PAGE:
Our Engineering teams visually inspect about 4.5 million miles of track every year. We also use manned and autonomous equipment to inspect track, covering about 500,000 miles in 2023 – that’s enough to cover our entire network more than 15 times. Our use of autonomous technology, which can identify potential risks that are not often visible to the human eye, increased by 33% since 2022.

Tech-Enabled Train Building

What if we could test every train that runs on Union Pacific’s network, calculating the best routes and the order of cars to ensure as safe a journey as possible? We can – and we do with Precision Train Builder. It’s a robust physics and simulation engine that can predict the in-train forces that may occur during a trip to build safe trains. This powerful tool helps our team determine how a train will handle while enroute, where cars should be placed in the lineup, the number of locomotives needed and the best routes. It’s also an excellent tool to enhance employee training.

Employees: The Eyes and Ears of the Railroad

Day in and day out, we work to give our employees the tools and the skills needed to keep them and the communities we serve safe. In 2022, Union Pacific averaged nearly 47 hours of training per employee and craft professionals completed roughly 10,000 courses on topics such as CPR, welding, ballast tamping, track inspection and locomotive maintenance.

Learning from one another and having each other’s back is critical. Our employees are the railroad’s eyes and ears in thousands of communities, providing ideas and identifying opportunities to enhance safety on the ground. Last year, employee feedback led to a new visual aid that standardizes switch targets, the indicators that tell train crews whether trains will be guided, or switched, from one track to another.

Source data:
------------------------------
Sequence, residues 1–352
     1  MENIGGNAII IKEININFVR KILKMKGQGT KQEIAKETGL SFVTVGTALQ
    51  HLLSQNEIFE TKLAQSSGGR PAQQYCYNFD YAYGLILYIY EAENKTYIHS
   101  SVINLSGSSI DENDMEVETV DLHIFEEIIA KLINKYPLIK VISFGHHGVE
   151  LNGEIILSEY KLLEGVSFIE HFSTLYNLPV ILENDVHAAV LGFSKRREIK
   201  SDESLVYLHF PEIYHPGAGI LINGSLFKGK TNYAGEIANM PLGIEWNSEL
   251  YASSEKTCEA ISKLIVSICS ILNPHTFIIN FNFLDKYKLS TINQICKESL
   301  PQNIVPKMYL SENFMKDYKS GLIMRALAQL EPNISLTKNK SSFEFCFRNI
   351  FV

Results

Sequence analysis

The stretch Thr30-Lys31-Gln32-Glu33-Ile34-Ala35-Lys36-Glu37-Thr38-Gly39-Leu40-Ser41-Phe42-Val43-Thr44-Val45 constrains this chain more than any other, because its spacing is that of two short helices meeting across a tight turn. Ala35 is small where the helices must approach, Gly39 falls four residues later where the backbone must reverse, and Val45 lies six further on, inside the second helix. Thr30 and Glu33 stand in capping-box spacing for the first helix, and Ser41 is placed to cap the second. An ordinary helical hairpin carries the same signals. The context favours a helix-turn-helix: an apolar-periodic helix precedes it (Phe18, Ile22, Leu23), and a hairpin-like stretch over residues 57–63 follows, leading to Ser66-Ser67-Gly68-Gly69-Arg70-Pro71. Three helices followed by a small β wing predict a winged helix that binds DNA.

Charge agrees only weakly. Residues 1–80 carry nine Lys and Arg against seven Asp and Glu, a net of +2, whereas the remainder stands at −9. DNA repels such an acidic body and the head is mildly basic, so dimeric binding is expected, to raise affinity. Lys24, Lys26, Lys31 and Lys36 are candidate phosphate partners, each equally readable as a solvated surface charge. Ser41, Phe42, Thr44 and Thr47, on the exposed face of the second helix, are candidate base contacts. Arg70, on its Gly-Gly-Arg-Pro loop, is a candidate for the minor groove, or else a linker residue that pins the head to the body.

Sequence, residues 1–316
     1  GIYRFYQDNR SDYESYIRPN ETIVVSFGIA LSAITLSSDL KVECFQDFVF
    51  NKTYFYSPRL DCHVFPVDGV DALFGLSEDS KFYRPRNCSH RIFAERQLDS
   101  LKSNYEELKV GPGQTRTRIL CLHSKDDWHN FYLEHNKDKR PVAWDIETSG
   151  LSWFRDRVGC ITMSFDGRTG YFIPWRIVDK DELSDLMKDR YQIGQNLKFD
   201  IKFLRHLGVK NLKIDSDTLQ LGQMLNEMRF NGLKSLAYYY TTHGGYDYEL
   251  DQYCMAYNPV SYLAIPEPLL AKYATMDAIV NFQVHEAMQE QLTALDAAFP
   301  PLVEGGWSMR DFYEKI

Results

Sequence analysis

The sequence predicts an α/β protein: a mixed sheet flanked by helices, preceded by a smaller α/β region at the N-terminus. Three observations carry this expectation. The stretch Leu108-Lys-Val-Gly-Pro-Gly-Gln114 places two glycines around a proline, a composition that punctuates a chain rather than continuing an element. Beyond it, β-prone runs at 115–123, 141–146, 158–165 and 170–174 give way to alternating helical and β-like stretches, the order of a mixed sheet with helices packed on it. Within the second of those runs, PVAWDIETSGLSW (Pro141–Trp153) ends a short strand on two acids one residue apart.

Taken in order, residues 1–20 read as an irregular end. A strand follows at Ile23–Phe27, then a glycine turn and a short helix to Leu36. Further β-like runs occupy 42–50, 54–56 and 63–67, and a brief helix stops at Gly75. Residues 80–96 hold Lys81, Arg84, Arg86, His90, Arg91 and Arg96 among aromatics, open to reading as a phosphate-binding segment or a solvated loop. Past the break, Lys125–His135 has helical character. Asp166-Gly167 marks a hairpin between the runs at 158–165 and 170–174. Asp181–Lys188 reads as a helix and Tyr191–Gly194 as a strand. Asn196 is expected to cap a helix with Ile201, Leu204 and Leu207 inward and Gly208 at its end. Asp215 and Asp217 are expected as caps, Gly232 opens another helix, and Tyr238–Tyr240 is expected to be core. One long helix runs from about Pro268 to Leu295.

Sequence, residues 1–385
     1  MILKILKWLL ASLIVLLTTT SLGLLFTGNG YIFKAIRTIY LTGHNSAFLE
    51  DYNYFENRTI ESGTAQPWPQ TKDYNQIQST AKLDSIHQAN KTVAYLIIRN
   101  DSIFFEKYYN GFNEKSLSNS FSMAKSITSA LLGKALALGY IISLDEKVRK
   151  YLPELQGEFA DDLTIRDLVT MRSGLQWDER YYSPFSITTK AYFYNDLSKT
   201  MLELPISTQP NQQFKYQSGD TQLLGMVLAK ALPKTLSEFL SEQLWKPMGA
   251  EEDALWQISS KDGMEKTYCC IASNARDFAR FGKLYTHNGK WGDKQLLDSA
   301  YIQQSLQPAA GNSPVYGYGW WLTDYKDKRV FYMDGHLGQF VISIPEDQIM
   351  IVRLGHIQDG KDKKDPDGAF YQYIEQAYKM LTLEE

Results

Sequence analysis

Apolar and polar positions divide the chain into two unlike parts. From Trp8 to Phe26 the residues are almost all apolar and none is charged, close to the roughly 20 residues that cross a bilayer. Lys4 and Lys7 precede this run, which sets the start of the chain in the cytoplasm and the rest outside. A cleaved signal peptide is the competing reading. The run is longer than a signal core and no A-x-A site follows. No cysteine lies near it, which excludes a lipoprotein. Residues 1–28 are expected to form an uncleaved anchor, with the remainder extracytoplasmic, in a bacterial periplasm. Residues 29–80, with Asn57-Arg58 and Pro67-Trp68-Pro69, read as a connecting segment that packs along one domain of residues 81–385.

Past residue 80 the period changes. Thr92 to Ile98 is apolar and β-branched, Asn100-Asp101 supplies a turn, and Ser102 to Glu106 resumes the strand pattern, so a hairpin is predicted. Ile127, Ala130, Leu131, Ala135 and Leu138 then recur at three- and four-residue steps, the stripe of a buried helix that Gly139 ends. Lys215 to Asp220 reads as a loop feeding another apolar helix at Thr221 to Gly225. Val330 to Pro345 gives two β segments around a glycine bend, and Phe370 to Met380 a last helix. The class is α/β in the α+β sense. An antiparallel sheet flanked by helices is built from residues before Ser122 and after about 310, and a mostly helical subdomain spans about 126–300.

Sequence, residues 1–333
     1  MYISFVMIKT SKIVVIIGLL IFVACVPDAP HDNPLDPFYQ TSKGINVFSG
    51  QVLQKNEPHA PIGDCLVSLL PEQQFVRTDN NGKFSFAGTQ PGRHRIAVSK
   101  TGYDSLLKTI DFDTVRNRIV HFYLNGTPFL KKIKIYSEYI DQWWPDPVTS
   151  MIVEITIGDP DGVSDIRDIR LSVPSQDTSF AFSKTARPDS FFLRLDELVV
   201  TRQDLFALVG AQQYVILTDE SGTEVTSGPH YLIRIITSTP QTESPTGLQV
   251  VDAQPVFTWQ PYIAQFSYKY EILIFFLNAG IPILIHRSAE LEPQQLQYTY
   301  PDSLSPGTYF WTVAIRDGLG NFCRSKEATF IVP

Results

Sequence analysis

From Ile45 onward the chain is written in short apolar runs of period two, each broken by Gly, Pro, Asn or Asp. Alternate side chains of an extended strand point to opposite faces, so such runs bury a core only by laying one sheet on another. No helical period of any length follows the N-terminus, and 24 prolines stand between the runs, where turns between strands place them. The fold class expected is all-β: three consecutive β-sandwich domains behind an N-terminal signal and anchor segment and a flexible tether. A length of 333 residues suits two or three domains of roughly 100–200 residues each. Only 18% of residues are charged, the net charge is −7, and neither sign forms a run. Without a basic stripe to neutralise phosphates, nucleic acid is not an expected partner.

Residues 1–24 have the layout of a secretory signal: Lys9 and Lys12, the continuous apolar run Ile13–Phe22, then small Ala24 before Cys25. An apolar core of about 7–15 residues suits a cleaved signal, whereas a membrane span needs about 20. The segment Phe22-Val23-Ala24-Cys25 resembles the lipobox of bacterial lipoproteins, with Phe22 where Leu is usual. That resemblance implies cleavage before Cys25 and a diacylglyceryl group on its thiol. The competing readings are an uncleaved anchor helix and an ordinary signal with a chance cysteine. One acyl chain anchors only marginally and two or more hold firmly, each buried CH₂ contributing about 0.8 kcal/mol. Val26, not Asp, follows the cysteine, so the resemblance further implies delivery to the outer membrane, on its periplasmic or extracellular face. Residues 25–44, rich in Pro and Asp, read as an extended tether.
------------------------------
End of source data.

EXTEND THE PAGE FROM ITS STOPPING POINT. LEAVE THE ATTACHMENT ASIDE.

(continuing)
It’s examples like this of employee innovation that will lead our railroad into the future.

Preparing First Responders

In every community, first responders are the first line of defense and valued partners if an incident occurs. We believe preparation is critical for a quick response and we work with emergency response personnel to implement preparedness tools and approaches, including sharing best practices and jointly practicing drills.

Last year, we had the privilege of training more than 6,400 first responders in railroad communities across our network and participated in six large-scale drills. The training includes classroom and hands-on learning activities using real-world scenarios that consist of how to contact the railroad during an emergency, how to read shipping documentation and safety considerations for hazardous materials. Our Hazmat team is dedicated to ongoing work with community partners this year as we continue to focus on prevention and preparedness.

Every Community Matters

Every community that surrounds our railroad tracks matters to Union Pacific and the men and women who work here. Our commitment is a promise that we will not be satisfied until everyone goes home safely to their families.